(BUSINESS NEWS) Following other antitrust hearings, we’re expecting to hear more about the FTC’s antitrust lawsuit against Facebook, soon.

Published

on

Facebook being crossed out by a stylus on a mobile device.

Facebook might be wishing it had kept the “dislike” button.

On September 15, the Wall Street Journal announced that the Federal Trade Commission was preparing a possible antitrust lawsuit against the social media titan. Although the FTC has not made an official decision on whether to pursue the case, sources familiar with the situation expect a determination will be made on the matter sometime before the end of 2020. Facebook and the FTC both declined to comment when asked about the story.

The news comes following a year-long investigation by the FTC that has looked into anti-competitive practices by the Menlo Park-based company. This past July, the United States House of Representatives held hearings in which they grilled the CEOs of Amazon, Apple, Google, and Facebook regarding their business practices. In August, Facebook CEO Mark Zuckerberg also testified in front of the FTC as part of the department’s antitrust probe into the organization.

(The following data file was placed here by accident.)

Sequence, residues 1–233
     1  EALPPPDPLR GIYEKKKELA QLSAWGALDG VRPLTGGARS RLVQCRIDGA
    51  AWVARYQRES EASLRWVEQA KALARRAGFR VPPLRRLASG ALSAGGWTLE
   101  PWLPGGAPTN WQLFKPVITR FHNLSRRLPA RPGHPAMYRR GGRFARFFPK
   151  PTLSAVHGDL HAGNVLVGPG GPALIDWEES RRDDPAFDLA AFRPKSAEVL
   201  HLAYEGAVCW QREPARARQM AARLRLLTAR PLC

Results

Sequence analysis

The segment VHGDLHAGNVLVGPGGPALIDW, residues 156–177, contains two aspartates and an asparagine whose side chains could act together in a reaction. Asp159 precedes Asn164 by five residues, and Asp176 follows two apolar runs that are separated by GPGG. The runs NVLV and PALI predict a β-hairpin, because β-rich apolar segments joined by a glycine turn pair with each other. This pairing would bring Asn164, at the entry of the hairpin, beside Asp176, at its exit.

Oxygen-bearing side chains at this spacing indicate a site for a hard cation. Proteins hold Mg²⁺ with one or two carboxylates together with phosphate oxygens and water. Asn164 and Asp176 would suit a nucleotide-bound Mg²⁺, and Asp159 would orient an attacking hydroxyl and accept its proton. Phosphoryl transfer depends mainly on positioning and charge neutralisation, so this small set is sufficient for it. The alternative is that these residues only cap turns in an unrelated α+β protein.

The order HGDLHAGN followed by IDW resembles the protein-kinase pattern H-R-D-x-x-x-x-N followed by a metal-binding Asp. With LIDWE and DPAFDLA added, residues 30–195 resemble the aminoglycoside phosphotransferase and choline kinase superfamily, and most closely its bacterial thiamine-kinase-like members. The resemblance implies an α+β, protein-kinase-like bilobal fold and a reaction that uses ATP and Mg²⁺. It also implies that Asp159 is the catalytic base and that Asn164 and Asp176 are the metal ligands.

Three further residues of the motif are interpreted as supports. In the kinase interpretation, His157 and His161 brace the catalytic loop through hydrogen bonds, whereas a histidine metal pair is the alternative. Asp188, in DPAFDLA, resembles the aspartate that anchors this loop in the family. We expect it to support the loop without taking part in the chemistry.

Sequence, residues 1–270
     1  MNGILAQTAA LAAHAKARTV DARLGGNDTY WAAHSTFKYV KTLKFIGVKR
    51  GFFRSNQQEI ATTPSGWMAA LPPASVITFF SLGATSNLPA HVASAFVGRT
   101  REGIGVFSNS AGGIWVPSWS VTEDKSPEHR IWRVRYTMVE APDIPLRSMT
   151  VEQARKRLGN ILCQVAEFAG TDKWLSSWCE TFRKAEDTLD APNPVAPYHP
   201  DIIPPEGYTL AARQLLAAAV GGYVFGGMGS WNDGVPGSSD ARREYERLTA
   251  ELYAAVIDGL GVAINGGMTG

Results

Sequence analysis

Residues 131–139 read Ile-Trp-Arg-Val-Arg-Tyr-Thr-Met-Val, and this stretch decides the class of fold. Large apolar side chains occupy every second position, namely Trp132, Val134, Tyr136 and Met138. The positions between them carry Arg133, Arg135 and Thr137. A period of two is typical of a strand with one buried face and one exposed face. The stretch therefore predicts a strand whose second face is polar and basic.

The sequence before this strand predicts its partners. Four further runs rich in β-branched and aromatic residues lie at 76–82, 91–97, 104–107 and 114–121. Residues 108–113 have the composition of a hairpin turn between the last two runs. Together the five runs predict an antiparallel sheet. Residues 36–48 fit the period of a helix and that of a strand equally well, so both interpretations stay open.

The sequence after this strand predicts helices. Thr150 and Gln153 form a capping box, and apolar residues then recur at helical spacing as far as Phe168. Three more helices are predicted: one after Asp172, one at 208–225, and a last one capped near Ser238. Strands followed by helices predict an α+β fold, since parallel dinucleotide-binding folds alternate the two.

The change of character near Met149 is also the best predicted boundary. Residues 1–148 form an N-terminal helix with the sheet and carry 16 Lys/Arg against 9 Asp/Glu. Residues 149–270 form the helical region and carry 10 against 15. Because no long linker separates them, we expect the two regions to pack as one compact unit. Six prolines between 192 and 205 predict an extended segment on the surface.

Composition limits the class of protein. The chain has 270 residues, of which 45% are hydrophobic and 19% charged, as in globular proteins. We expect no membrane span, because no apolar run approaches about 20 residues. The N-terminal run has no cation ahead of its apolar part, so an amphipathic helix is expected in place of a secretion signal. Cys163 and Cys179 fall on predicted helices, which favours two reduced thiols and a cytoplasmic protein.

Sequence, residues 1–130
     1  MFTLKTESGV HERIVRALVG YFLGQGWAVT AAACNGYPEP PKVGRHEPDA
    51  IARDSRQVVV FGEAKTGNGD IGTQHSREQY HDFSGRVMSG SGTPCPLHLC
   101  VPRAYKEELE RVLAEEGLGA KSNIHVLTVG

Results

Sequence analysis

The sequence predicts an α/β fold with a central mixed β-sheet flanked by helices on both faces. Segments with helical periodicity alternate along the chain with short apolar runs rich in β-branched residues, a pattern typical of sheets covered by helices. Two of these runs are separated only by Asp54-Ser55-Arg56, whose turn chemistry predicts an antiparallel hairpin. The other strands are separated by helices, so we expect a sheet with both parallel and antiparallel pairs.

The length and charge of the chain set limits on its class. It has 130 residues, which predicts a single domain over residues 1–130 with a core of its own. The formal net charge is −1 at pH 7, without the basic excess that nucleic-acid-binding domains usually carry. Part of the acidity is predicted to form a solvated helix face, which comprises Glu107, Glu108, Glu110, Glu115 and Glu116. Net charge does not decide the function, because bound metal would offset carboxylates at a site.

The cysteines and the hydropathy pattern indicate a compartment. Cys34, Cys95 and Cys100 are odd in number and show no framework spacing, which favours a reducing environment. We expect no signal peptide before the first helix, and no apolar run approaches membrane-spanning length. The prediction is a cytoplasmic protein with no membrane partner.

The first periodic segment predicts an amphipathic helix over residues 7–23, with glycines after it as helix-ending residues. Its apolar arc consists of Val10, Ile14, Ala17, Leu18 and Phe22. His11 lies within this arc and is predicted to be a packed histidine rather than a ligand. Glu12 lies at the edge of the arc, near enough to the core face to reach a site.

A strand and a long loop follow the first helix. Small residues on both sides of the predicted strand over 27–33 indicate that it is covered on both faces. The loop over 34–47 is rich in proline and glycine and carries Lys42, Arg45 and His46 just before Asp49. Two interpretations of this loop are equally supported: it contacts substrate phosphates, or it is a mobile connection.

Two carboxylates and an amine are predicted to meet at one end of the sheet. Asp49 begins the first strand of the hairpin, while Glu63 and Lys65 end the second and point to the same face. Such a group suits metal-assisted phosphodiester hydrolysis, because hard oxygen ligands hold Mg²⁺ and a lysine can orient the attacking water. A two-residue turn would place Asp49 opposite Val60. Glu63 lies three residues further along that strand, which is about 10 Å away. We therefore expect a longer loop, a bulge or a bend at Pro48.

The FTC seems to be especially interested in Facebook’s past acquisitions of WhatsApp and Instagram, which they believe may have been done to stifle competition. In internal emails sent between Zuckerberg and Facebook’s former CFO David Ebersman back in 2012, the 36-year-old seemed worried that the apps could eventually pose a threat to the social media conglomerate.

“These businesses are nascent but the networks established, the brands are already meaningful, and if they grow to a large scale the could be very disruptive to us,” Zuckerberg wrote to Ebersman, “Given that we think our own valuation is fairly aggressive and that we’re vulnerable in mobile, I’m curious if we should consider going after one or two of them.”